Metal piece comes loose on new Skagit River Bridge
Part of an "L" joint that holds the asphalt in place between the temporary bridge and permanent roadway came loose Saturday morning and the right lane of the bridge was closed for about two hours while crews welded the joint back into place and spread new asphalt, Transportation Department spokesman Kris Olsen said.
The rest of the joints will be inspected between 8 p.m. Saturday and 5 a.m. Sunday.
A portion of the Skagit River Bridge collapsed on May 23 after a truck struck some critical steel supports. A temporary span was opened about a month later. A new $6.87 million permanent bridge is being constructed over the river.
The 58-year-old bridge carries an average of 71,000 vehicles a day over the Skagit River on I-5, Washington's major north-south roadway between Oregon and Canada.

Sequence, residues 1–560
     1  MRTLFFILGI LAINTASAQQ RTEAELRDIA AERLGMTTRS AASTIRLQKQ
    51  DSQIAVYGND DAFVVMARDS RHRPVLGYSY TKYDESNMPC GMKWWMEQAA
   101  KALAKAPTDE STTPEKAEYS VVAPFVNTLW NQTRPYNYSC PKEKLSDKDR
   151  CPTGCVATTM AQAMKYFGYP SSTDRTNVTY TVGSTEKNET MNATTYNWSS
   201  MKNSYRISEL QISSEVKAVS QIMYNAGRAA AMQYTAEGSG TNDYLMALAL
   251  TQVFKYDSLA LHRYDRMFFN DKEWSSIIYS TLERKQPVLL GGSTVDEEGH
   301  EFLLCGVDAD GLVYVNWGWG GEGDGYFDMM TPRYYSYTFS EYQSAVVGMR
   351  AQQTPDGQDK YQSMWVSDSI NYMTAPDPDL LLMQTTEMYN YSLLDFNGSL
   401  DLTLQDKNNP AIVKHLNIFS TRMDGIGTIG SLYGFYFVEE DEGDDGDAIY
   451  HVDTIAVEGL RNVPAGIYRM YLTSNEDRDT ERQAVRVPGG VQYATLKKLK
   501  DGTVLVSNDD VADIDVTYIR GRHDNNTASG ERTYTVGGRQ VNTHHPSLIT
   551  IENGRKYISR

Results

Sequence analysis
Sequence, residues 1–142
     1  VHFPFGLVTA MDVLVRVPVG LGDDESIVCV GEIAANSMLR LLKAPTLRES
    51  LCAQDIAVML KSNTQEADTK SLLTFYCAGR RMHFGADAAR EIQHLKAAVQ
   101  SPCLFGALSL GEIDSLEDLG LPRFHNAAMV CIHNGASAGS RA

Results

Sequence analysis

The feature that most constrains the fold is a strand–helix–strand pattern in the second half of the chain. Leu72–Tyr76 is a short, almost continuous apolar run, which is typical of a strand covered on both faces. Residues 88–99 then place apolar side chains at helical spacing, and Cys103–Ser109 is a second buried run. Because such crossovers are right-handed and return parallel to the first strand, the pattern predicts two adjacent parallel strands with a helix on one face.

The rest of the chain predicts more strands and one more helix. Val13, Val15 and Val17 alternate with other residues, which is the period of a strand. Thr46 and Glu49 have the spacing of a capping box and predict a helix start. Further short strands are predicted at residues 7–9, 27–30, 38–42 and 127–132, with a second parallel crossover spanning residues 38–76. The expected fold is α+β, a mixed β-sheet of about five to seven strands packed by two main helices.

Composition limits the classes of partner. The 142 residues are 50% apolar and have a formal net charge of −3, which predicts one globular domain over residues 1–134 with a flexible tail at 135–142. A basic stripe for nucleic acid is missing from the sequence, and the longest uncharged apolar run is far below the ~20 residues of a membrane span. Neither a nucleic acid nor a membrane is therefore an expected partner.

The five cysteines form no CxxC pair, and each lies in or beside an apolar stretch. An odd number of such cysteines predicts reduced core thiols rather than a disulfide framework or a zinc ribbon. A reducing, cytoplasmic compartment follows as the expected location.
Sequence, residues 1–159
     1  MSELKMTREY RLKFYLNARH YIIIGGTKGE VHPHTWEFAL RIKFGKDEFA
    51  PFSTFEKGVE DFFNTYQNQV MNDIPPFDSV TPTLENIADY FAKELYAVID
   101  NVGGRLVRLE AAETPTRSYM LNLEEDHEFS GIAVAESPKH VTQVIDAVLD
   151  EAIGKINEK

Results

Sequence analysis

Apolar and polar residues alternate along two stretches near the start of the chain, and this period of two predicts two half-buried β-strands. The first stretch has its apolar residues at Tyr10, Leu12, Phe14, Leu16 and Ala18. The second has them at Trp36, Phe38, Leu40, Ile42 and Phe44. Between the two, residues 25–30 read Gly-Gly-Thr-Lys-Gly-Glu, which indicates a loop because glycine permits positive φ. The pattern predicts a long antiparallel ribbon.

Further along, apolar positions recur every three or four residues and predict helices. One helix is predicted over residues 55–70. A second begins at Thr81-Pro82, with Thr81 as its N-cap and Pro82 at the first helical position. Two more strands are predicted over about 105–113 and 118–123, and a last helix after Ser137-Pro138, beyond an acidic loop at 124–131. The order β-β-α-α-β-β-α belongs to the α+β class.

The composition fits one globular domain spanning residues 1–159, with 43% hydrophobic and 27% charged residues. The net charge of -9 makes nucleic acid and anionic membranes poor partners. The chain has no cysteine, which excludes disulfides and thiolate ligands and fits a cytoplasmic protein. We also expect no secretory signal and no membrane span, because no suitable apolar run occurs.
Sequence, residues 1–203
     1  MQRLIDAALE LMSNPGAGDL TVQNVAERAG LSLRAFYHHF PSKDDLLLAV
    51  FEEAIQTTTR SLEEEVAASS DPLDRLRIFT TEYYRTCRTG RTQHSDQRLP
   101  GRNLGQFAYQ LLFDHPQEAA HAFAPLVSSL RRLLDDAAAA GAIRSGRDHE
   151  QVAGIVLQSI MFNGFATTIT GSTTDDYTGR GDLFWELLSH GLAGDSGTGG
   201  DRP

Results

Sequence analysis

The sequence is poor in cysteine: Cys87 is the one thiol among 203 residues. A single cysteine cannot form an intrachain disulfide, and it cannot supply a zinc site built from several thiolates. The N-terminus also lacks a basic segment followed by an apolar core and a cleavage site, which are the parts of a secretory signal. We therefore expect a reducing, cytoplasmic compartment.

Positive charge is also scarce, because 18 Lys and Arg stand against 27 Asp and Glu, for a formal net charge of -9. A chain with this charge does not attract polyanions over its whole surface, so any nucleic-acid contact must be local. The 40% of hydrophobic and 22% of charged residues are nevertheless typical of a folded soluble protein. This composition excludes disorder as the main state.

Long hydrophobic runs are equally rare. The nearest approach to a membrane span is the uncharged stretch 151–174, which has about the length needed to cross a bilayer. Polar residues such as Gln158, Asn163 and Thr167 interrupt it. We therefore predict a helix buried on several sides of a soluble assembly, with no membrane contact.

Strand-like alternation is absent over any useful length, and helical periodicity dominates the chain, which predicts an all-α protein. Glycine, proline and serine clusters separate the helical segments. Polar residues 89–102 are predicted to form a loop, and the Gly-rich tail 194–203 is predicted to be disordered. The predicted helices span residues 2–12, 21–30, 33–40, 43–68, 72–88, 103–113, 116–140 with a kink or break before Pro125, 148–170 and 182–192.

The replacement bridge is expected to be in place in early September.
Federal transportation investigators believe an oversize load struck the bridge last month, causing a portion of it to collapse into the river and taking two vehicles with it. Nobody was seriously injured, but the failure has continued to disrupt transportation.
- No cause pinpointed in wreck that killed trooper 11/11/13
- Attention turns to Skagit bridge retrofit 9/16/13
- Dozens of state bridges have multiple red flags 9/15/13
- New I-5 bridge section over Skagit River opens 9/15/13
- 10 Things: Making sense of nation's bad bridges 9/15/13
- Crews installing new I-5 Skagit bridge span 9/14/13
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